Growing income inequality has only widened the gap between physicians and the people they serve, further diminishing patient trust. Because many physicians entered the profession to join the One Percent, working-class people often prefer nurses and nurse practitioners for primary care, simply because they feel more comfortable around them. And even if such people do have a primary care physician of record, how often do they have contact with that person? Do those physician live in the same neighborhoods as the patient, send their kids to local schools, dine out at local restaurants? Sometimes, patients feel they don’t even speak the same language as their doctors. According to a recent Atlantic article, the American medical profession has become so politically attuned that “two leading medical organizations are proposing a lot of language policing that presumes far-left answers to a host of thorny questions.” What this amounts to is an increasingly technical and politicized language spoken by doctors already viewed as distant and untrustworthy.
As medicine has become more standardized and factory-like there has been a corresponding rise in so-called alternative medicine such as Reiki, energy healing, naturopathy, herbalism, acupuncture, and chiropractics. The merits of such approaches aside, alternative medicine clearly meets a need—one for which Americans paid, mostly out of pocket, to the tune of some $30 billion in 2016. People do this in large part because they want to be cared for by an accessible person they like and trust, someone who will listen to their concerns and provide hands-on, affordable treatment.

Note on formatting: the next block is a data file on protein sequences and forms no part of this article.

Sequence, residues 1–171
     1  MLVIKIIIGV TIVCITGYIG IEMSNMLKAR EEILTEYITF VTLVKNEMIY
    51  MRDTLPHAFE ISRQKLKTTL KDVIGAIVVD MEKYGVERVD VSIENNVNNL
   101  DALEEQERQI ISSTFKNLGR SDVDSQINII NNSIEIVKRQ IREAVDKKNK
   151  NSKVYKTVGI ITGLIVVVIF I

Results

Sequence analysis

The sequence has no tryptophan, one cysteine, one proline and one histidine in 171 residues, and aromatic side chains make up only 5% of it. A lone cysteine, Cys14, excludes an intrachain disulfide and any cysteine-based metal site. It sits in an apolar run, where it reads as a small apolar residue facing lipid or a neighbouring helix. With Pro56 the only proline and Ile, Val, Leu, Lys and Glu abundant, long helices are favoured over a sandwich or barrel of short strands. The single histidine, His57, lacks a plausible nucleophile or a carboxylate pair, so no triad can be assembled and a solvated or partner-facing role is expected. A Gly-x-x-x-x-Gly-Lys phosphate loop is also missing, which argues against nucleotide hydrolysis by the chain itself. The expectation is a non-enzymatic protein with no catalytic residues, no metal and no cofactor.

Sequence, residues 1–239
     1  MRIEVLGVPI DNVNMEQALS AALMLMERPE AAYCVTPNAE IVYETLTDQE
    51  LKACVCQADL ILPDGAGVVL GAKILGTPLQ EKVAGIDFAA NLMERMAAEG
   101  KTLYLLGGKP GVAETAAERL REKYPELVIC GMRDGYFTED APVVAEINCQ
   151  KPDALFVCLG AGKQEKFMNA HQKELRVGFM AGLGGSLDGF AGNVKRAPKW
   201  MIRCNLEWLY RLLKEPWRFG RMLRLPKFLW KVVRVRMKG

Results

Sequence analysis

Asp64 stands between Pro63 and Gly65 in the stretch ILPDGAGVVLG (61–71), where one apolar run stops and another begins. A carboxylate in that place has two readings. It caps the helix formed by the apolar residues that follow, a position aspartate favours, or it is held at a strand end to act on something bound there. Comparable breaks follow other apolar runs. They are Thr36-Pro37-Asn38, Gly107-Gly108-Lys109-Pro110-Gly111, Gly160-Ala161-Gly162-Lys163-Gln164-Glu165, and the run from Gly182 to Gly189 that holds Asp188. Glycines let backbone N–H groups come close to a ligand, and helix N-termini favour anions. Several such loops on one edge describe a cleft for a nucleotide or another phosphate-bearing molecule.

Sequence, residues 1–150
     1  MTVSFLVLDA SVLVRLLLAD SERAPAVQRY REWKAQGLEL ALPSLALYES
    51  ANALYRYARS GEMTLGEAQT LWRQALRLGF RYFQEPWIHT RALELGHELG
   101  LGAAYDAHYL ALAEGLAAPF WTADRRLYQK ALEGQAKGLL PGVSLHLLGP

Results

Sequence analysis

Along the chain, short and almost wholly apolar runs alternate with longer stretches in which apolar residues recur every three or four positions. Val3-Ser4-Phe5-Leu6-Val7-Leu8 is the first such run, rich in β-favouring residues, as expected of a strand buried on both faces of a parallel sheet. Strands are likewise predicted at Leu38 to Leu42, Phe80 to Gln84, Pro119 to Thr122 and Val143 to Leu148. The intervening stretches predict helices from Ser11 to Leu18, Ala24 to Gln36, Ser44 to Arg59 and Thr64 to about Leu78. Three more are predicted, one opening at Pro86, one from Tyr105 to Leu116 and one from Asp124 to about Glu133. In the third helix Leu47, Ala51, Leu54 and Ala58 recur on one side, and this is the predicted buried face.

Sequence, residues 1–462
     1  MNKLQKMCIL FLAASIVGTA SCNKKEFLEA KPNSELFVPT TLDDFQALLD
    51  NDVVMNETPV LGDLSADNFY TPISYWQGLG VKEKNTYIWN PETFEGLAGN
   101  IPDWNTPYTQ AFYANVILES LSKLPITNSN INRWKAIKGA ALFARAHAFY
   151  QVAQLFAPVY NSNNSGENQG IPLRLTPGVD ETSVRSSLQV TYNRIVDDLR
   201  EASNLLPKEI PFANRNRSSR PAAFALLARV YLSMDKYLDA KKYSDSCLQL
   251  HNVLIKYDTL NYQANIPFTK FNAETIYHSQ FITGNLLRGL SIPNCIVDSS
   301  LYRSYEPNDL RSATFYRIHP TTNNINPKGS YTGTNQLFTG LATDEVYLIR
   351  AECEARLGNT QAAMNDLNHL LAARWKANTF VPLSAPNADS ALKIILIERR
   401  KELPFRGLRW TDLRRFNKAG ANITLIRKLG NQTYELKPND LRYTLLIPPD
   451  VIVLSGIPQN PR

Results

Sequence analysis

Even after Sean O’Donnell’s former practice was taken over by a large medical group, I stayed on because it at least reluctantly accepted Medicaid. But now when I go to the building where Sean once practiced, I approach the appointment with a keen sense of dread. There are different providers every time, of course, and since they know neither me nor my kids, it is always like starting over. The atmosphere is anything but friendly, even stressful, and, paranoid as it may sound, I always feel judged by the kind of insurance I carry.
For their part, I know, so many health-care providers now feel like cogs in a machine. Drowning in mountains of documentation and fearing malpractice suits, they are hesitant to make even small decisions at work despite having studied so many years to become qualified clinicians. Sean wanted none of that. He struggled to make ends meet in the early years of his practice, but he ended up making a comfortable life for himself and family precisely because he earned the trust of a loyal core of patients. And again and again at Sean’s funeral, I heard these patients express the same sentiment: They wanted the kind of care that Sean offered but now rarely exists, provided by a breed of doctors that may be close to extinction.